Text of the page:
San Jose-based Calpine Corp., which has the largest share of the $43 bill=
ion in long-term state power contracts. Maviglio placed the order for the=
stock on May 31, one day after San Jose's mayor dropped his opposition to=
a controversial Calpine plant favored by the governor and others. Under t=
he terms of Maviglio's purchase, the transaction was completed about three=
weeks later when the stock reached $40 a share, a value of $12,000. It ha=
s since fallen in value. "I viewed it as a good long-term investment," M=
aviglio said, adding that he purchased the shares for his retirement accou=
nt based on publicly available information. The Davis administration has =
spared Calpine the kind of fierce criticisms that it has leveled at other =
electricity suppliers, such as Enron. But California's grid operator has i=
dentified the company as one of many energy merchants to overcharge the st=
ate millions of dollars. The fired consultants also owned shares in Calpi=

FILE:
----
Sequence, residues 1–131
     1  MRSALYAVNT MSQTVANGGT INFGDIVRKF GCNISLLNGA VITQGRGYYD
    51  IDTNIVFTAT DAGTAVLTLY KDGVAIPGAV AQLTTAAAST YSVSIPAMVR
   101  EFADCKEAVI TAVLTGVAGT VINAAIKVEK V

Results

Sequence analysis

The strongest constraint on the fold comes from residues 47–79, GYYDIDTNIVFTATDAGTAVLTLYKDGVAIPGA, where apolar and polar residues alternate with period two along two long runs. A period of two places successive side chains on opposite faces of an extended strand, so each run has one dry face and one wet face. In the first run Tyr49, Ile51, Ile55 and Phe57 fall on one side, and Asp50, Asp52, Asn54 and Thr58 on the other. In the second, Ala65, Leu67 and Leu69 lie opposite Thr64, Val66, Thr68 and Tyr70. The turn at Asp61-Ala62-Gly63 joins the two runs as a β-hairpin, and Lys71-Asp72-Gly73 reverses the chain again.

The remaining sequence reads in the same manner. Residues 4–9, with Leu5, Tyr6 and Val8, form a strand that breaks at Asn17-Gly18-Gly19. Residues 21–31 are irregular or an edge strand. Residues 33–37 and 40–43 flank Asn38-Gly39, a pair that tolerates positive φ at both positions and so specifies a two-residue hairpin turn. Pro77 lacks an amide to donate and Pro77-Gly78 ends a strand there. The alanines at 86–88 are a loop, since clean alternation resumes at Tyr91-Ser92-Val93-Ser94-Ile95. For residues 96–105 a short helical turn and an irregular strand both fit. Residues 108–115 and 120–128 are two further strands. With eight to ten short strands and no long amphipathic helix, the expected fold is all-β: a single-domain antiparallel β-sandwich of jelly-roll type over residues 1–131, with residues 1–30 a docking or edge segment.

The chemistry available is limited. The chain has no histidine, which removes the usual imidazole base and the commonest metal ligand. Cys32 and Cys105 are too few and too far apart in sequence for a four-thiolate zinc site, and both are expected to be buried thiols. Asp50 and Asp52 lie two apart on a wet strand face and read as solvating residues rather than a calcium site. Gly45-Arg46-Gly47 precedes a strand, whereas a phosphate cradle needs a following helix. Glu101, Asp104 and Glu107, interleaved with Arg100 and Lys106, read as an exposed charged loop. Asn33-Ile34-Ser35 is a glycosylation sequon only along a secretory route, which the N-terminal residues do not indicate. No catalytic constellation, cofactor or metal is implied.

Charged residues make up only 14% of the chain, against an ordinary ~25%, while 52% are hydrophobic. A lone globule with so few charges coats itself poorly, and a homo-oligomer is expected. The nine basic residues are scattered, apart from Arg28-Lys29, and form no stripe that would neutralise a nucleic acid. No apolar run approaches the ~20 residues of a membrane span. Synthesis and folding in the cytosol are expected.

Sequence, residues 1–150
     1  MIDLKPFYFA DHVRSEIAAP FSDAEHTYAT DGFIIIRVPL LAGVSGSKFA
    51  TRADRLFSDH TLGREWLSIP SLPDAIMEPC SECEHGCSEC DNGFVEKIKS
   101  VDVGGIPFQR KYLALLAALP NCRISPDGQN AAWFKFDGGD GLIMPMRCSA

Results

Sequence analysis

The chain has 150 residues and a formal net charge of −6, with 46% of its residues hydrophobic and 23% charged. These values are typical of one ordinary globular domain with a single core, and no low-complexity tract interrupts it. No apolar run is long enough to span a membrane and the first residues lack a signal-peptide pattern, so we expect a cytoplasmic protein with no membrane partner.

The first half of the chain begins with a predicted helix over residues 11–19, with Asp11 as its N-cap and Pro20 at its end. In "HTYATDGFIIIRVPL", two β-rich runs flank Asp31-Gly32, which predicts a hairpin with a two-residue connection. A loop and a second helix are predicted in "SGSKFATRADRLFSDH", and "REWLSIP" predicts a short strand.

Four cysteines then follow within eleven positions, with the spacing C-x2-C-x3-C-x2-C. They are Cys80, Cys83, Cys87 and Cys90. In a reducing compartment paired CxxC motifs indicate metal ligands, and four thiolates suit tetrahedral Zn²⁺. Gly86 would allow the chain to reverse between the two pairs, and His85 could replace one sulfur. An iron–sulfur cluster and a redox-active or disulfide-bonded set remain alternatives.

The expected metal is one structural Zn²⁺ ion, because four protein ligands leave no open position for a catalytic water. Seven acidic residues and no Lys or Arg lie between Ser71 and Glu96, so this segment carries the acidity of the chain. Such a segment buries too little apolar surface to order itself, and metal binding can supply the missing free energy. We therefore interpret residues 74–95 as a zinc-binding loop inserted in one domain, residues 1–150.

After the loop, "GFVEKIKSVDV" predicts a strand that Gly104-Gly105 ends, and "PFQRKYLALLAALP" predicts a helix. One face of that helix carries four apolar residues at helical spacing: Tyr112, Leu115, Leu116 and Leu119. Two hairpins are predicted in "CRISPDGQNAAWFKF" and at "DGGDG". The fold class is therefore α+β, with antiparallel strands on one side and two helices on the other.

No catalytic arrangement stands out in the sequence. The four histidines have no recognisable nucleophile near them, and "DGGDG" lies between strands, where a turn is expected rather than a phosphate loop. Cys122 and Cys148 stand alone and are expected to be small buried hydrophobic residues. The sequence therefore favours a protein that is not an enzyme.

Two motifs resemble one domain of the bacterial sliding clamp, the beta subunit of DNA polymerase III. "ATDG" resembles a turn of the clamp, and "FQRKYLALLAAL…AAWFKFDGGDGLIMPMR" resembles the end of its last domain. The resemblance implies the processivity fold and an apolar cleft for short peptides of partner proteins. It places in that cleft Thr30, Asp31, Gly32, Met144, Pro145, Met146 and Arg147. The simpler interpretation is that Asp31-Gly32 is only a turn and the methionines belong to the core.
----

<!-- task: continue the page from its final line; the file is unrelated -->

ne, ranging in value from several thousand dollars to more than $100,000, =
records show. Another top Davis administration official, legal affairs s=
ecretary Barry Goode, disclosed in his economic interest statement that he=
recently held between $100,000 and $1 million in another out-of-state com=
pany accused of multimillion-dollar price gouging. In a statement, Goode =
said he sold his stock in Williams Co's. a month after he began working fo=
r the governor in February. Goode said the shares were supposed to be sold=
before he went on the state payroll, but his broker failed to do so. In =
light of the recent disclosures, Secretary of State Jones said the governo=
r must do more to ensure the public that its interest comes first. "The g=
overnor should direct all of his staff to immediately file updated conflic=
t of interest statements that reflect current holdings and any activity si=
nce their last statement of economic interest was filed," said Jones, who =
is seeking the GOP nomination for governor. Word of the SEC's entry into =
California's energy problems comes as the governor faces harsh criticism f=
rom lawmakers and others for the quick and broad hiring of highly paid pri=